Tokyo Institute of Technology: Report on Tokyo Tech ANNEX Berkeley Colloquium: Piercing the Structure of Tradition

On November 9, 2021 (JST), the colloquium, Piercing the Structure of Tradition hosted by Tokyo Tech Institute for Liberal Arts (ILA), and co-hosted by Center for Japanese Studies, University of California, Berkeley (UC Berkeley) and Tokyo Tech ANNEX Berkeley took place via Zoom. This was the second Zoom webinar to celebrate the opening of the Tokyo Tech ANNEX Berkeley and to encourage collaborative research among the two universities.

Mariko Anno from the Institute of Liberal Arts, Tokyo Institute of Technology presented sections from her book, Piercing the Structure of Tradition: Flute Performance, Continuity, and Freedom in the Music of Noh Drama (Cornell University Press, 2020). In her talk, Anno argued that traditions of musical style and usage remain vastly influential in shaping contemporary Noh composition, as performers play fixed patterns that can be understood through a firm foundation in Noh tradition. Within these fixed patterns, Noh performers find freedom of expression in multiple ways, and this freedom becomes most audible in flute performance.

Anno gave a brief background on Noh drama before showing why the nohkan (Noh flute) is unique compared to other flutes in the world. She explained the structure of mugen Noh (dream-world plays) and introduced shōdan (the backbones or building blocks of Noh plays) and the set melodic patterns used in Noh. She then analyzed a scene from the Noh play Atsumori, a traditional mugen Noh written by Zeami (1363?–1443). After introducing her nohkan teacher Issō Yukihiro, a nohkan master from the Issō School, she gave a brief background on shinsaku (newly created) Noh and analyzed a scene from the contemporary Noh play Taka no Izumi, Shu-gakari (At the Hawk’s Well, the Mantra) as performed by Issō Yukihiro. Over the course of this talk, Anno demonstrated the uniqueness of the nohkan compared to other flutes, the roles of the nohkan in Noh drama, and the realization of these roles in traditional and contemporary Noh plays.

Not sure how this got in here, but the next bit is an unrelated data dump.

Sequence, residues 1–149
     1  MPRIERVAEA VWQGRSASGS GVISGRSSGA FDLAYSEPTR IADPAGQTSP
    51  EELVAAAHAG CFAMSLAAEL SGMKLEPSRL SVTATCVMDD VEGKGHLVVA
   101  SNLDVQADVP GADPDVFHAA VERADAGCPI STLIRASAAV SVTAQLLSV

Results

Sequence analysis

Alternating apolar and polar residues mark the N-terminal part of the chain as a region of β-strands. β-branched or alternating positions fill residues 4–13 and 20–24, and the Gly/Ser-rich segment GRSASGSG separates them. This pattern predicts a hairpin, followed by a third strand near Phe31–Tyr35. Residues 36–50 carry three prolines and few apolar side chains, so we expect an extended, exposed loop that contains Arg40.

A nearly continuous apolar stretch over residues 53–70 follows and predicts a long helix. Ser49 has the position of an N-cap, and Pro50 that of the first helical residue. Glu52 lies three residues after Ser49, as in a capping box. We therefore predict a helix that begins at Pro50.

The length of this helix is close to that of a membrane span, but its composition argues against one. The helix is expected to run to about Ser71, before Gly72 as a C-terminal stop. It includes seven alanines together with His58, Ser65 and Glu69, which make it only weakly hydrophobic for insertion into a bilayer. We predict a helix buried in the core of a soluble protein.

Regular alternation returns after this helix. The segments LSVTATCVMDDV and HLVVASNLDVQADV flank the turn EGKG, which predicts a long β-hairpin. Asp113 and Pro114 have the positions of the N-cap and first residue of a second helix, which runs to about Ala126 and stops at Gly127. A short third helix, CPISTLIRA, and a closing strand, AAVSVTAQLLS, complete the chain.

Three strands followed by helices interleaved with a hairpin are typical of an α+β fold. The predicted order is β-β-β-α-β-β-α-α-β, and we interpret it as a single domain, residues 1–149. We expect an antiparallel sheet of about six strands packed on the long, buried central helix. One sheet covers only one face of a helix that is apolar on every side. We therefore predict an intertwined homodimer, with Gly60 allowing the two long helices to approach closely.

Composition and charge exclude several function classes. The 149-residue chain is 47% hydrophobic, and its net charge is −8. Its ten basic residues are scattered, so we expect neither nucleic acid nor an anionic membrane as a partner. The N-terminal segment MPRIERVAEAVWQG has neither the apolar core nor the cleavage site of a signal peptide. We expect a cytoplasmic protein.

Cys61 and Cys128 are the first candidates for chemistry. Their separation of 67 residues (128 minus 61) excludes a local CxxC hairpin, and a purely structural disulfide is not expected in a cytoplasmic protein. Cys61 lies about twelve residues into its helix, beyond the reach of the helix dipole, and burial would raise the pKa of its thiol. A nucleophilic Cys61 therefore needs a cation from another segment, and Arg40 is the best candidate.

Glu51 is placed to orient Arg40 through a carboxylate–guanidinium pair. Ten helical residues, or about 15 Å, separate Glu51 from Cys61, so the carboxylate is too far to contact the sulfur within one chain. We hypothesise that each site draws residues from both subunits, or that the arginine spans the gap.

Anno’s multi-disciplinary talk was followed by comments from the discussant, Professor Emerita Susan Matisoff from the Center for Japanese Studies at UC Berkeley. A well-known and respected scholar in Japanese literature, Professor Emerita Matisoff shared with the audience how she entered the Noh world through the Noh play text. Moreover, she discussed how the Noh play Semimaru, of which she watched three different performances, “moved” her through its visual aspects, its use of costumes, and the height of the actors and their perspective roles in the play. After sharing the “three-part habit” she uses to enjoy Noh, she asked Anno about her experience performing English-language Noh and working with amateurs and professional Noh performers.

The colloquium ended with a short question-and-answer session, inviting questions from the 70 participants, who were present from the U.S., Japan, Canada, Indonesia, and other countries. The colloquium was a successful event, strengthening the bond between the two universities.

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